Safe Towing Tips for Your Next Road Trip
My father-in-law never brags about his towing prowess, but get him talking and he’ll soon reveal his pride. He pulls a fifth-wheel RV trailer with his big diesel pickup, and as with most things he does, he relies on careful maintenance and procedures to keep his truck and trailer performing properly. He says his long career as a railroad foreman taught him the importance of proper equipment maintenance. In his retirement, he applies it to his truck and trailer.
Summer is prime season for towing boats, campers and other trailers, and NAPA AUTO PARTS has what you need to keep your trailer in top shape. Proper maintenance and following these safe towing tips will help you reach your destination without incident.
Trailer Maintenance Tips
With the tow vehicle doing the hard work, there’s not much in the way of mechanicals that affect trailer performance. As long as the trailer is sound and free of structural corrosion or damage, you can focus on three main areas: wheels, coupler and electrical.
- Be sure your trailer’s wheel bearings are properly lubricated. Without fresh, clean wheel bearing grease, high heat caused by friction will destroy spindles or hubs. The results can be serious.
- Check tires for age, wear and pressure. Just because your trailer’s tires have tread doesn’t mean they’re sound. Check for cracks or dry rot that indicate aging and replace as necessary.
- The coupler of the trailer is obviously essential since it connects the tow vehicle’s hitch to the trailer. Be sure the coupler locking mechanism is working properly and that safety chains are present and securely attached. Always use the correct ball for your trailer’s coupler.
- If your trailer is equipped with a tongue jack, be sure it’s lubricated and working properly.
- Check trailer lights, and pack some extra bulbs. Ask a friend for help to be sure taillights, brake lights, license plate lights, marker lights and turn signals are all working as intended before setting out on your trip.
Tow Vehicle Tips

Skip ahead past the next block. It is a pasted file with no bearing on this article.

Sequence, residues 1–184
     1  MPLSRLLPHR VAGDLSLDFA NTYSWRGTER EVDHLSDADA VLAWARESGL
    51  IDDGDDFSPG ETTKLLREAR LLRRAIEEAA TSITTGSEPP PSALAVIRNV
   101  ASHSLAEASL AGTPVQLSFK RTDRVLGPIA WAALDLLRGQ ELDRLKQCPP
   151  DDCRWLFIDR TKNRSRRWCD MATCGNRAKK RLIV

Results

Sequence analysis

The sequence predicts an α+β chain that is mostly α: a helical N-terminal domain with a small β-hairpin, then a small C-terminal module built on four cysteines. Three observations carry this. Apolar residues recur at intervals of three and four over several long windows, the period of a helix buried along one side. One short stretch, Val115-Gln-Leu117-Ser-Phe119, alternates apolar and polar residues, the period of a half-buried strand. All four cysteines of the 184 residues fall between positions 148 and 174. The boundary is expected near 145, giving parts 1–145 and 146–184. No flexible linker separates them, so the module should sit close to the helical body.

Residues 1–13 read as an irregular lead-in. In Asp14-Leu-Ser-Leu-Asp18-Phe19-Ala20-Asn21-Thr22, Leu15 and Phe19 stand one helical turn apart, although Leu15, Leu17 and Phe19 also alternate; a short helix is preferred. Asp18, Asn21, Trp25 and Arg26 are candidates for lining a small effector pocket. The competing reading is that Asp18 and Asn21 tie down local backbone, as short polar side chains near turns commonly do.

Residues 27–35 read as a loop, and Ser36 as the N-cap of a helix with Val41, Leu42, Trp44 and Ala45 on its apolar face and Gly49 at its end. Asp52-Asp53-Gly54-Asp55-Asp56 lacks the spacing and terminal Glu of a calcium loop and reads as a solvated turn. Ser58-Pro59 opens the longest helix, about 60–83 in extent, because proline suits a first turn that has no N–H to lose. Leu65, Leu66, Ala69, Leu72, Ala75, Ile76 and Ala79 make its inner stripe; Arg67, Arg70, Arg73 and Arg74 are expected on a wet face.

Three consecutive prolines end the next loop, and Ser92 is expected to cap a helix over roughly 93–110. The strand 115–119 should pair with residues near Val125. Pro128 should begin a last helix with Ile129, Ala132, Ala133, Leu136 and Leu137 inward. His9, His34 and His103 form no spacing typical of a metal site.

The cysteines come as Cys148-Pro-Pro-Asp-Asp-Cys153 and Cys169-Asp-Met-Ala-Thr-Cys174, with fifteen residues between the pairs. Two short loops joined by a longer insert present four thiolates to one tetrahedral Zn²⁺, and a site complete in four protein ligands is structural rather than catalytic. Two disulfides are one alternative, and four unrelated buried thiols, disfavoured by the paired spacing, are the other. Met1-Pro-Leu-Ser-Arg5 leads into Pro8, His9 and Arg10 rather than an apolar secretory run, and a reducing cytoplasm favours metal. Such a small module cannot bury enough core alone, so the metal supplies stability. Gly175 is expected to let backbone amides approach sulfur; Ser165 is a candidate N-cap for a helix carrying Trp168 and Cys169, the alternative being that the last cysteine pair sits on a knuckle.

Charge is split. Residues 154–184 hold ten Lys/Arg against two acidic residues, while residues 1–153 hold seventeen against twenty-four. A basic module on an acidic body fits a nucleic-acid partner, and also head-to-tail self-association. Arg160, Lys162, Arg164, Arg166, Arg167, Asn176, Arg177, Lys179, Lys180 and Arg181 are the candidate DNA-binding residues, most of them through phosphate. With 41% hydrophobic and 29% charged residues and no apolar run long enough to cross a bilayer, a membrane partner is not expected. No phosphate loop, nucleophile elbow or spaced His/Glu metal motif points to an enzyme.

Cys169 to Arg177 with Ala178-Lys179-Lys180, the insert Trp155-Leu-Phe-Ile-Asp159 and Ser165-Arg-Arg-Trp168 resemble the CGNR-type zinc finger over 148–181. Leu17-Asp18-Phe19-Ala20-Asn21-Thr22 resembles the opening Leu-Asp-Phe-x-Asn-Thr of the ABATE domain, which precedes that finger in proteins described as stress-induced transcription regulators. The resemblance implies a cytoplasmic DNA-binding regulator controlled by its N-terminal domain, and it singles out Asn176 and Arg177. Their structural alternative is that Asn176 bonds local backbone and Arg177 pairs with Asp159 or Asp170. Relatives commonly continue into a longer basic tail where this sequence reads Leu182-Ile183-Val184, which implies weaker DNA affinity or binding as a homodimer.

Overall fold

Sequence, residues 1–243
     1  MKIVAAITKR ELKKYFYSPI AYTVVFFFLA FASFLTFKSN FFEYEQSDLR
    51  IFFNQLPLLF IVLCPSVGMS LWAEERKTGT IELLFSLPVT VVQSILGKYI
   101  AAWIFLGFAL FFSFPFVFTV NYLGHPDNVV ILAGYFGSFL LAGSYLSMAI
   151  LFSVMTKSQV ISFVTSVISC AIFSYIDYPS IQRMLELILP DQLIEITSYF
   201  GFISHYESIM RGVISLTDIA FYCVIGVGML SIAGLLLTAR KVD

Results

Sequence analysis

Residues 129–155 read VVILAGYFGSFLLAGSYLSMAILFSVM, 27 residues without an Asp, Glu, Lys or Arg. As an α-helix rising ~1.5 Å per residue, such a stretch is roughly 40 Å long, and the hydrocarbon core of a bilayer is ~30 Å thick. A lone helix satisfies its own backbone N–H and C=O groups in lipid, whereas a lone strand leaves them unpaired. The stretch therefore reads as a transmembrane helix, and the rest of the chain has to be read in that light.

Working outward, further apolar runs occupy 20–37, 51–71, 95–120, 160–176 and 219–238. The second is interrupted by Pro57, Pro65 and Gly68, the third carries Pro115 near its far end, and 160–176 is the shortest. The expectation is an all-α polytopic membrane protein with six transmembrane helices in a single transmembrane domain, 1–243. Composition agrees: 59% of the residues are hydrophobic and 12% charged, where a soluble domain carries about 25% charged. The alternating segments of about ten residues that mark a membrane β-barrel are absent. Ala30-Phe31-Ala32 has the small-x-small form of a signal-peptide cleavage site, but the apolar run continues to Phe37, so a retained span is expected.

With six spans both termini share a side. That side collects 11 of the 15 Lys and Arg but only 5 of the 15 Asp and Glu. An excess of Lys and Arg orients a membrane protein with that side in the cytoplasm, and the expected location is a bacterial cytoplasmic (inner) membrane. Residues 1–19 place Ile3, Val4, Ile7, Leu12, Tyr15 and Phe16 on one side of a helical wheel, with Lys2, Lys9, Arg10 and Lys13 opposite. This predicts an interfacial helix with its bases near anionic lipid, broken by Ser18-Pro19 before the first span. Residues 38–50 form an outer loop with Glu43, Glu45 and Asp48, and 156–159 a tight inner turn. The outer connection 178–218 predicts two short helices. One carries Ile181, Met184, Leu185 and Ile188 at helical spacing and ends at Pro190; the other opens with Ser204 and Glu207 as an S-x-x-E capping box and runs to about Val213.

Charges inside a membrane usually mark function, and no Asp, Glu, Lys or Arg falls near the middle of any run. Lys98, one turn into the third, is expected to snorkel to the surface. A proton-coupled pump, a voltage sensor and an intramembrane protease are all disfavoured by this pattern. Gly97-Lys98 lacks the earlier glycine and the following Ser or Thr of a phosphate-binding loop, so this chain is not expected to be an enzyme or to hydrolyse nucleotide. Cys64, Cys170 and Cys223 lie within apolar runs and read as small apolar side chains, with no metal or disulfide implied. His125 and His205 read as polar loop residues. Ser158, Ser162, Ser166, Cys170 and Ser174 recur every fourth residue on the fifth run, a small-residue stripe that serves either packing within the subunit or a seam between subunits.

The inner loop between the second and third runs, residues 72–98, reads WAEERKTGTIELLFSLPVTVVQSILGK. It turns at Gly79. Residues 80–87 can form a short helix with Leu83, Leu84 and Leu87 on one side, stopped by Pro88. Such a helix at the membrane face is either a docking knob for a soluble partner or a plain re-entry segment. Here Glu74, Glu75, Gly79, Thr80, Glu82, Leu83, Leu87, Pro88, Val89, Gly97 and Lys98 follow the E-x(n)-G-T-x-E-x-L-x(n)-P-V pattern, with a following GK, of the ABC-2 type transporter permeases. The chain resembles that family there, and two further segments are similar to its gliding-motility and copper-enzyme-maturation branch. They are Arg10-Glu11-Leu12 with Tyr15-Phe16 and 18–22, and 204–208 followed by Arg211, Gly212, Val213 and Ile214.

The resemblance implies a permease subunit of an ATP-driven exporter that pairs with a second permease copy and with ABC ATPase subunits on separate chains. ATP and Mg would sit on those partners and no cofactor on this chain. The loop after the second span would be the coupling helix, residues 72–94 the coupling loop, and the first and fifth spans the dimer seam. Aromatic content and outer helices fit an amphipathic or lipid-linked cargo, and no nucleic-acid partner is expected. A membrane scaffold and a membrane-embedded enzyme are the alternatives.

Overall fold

The right tow vehicle is essential to safely pulling a trailer. Always be sure your tow vehicle can handle the combined weight of your trailer and its cargo, and confirm that your hitch is rated accordingly.
- Check the condition and pressure of your tow vehicle’s tires.
- Be sure your vehicle’s engine and transmission has been properly maintained and serviced. Towing can be harsh on a vehicle’s mechanicals. You don’t want a heavy trailer to cause an engine or transmission failure.
- If your trailer has brakes, test them and dial in your trailer brake controller.
- Consider the load in your vehicle – passengers and cargo – so as not to overload its capacity.
Unfortunately, you can’t just pile your stuff into your trailer and forget about it. A little care in loading will ensure a safe towing experience.
- Positioning cargo properly will improve the handling of your vehicle and trailer. In most cases, some tongue weight is ideal. Place your load too far to the back and your trailer will sway and handle poorly.
- Secure your cargo, even when using an enclosed trailer. You don’t want your load to shift or, worse, end up on the roadway. Use ratchet straps or other tie-downs to secure items large and small. If your tie-down is exposed to the wind, add a twist instead of keeping the webbing flat. A twist will reduce vibrations caused by wind, which could slowly loosen the strap.
Whether you’re towing a boat, camper, horse trailer, motorcycle or just your summertime gear, you want to arrive safely and trouble-free. Follow these tips and your towing adventure will be as simple as a summer day.
Do you have other ideas for safe towing? Let us know in the comments below.
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Nick Palermo View All
Nick Palermo is a freelance automotive writer and NAPA Know How blogger. Since becoming an auto news and reviews contributor at AutoTrader.com in 2011, he has broadened his coverage of the automotive industry to include topics like new car technology, antiques and classics, DIY maintenance and repair, industry news and motorsports. A committed advocate for automotive media professionals, Nick is a member of the Greater Atlanta Automotive Media Association.
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